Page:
It is common knowledge that Starfield is an immensely vast game. Bethesda’s first new intellectual property in 25 years offers a plethora of activities, including the exploration of over 1,000 planets, engaging in numerous space battles, constructing multiple outposts, mining various resources, encountering different extraterrestrial beings, engaging in romantic relationships with four companion characters, acquiring and modifying an extensive array of equipment, and enjoying other intricate features such as ship-building and ship-stealing. The game’s launch was highly successful, with more than 1 million players simultaneously exploring the game on its release day, surpassing Skyrim’s record for concurrent players on Steam and generating substantial revenue for Bethesda. Therefore, it is quite surprising to discover that over a quarter of Xbox players have failed to embark on their journey into space.
The first achievement players can earn in the game is titled “For All, Into The Starfield.” Unlocking this achievement is relatively straightforward, as it only requires players to launch themselves into space for the first time. Considering that Starfield revolves around space exploration, one would assume that the majority of players would have already obtained this achievement. However, only 75% of Xbox players have unlocked “For All, Into The Starfield” (according to TrueAchievements), indicating that a significant portion of Xbox players have yet to embark on their interstellar journey.
Without revealing any major spoilers, Starfield’s initial scenes take place on the planet Vectera, located in the Narion system. Players engage in resource-mining, stumble upon an unexpected interstellar surprise, create their character, and briefly encounter their first romanceable companion, Barrett. Following a brief firefight that serves as more of a tutorial than a challenge, players gain access to Barrett’s ship, the Frontier, and receive orders to fly to Constellation Headquarters in New Atlantis within the Alpha Centauri region. Upon launching into space, the “For All, Into The Starfield” achievement is unlocked. Therefore, the question arises as to why so many players have yet to earn this achievement and what they are doing in Starfield if not exploring the stars.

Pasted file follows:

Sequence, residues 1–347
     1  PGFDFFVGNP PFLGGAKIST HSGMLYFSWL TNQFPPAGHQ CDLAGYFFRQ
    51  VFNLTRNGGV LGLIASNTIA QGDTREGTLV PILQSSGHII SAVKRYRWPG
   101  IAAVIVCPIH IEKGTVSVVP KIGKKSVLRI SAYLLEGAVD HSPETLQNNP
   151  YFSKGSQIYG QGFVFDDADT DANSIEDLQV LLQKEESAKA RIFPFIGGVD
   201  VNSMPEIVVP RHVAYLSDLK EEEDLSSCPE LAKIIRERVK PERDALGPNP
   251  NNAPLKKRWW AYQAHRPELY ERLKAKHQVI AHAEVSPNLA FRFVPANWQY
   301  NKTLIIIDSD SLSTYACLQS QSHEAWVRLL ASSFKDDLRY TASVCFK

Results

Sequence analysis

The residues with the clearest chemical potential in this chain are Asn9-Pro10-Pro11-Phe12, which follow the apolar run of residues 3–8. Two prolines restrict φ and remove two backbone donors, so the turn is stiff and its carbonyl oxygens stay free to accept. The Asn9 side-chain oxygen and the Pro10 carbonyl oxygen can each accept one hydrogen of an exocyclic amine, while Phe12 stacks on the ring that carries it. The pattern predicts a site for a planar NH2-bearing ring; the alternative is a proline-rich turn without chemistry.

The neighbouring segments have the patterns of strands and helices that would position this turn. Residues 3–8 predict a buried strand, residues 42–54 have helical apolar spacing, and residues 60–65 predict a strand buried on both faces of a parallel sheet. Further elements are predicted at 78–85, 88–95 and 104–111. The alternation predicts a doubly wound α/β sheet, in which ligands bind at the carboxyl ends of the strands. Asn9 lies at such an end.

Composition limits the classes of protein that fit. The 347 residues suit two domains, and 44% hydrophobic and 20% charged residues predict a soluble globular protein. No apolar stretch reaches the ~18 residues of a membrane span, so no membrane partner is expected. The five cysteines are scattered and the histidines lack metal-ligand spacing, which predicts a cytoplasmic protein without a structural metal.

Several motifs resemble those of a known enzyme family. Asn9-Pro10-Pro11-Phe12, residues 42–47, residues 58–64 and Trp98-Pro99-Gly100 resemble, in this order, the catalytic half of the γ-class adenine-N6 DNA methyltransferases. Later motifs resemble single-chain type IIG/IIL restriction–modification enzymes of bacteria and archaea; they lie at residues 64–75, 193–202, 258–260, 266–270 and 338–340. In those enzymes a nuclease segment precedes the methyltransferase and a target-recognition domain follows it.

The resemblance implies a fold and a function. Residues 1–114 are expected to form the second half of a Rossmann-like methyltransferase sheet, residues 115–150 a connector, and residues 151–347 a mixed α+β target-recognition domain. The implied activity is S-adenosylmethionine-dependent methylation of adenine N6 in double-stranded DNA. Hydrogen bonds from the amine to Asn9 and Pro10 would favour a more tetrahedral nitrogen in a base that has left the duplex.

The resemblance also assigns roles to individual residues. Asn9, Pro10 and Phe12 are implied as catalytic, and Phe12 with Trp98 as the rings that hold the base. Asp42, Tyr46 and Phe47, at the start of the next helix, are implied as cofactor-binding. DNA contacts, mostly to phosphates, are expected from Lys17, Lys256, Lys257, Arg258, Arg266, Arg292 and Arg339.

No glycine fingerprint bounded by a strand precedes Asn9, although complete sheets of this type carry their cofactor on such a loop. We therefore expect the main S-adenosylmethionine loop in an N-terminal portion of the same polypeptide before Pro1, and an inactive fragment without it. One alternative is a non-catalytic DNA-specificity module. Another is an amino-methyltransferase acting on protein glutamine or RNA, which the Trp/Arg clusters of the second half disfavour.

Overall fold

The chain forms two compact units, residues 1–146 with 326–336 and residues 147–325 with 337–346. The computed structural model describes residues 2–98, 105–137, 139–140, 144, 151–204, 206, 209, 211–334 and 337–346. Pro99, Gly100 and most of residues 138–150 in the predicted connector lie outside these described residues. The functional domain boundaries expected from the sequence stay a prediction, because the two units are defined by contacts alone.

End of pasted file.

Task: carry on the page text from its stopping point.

The first question is easily answered. Since Starfield is available for free on Game Pass, it is accessible to approximately 30 million players. Not everyone is a fan of science fiction, space-themed games, or Bethesda games in general. Therefore, it is likely that a significant portion of players who have not obtained the game’s first achievement are merely curious Game Pass subscribers who decided to give Starfield a try but ultimately found it unappealing. On Steam, where players must purchase the game, the percentage of players who have earned the first achievement is much higher at 88%. Additionally, there have been reports of bugged achievements on Xbox, which may contribute to the lower percentage of Xbox players who have unlocked the first achievement. Nevertheless, considering the brevity of the game’s introduction on Vectera, it is difficult to fathom that a quarter of the Xbox player base would abandon the game entirely after just completing character creation. Thus, the question remains: if players are not exploring the stars, what are they doing in Starfield?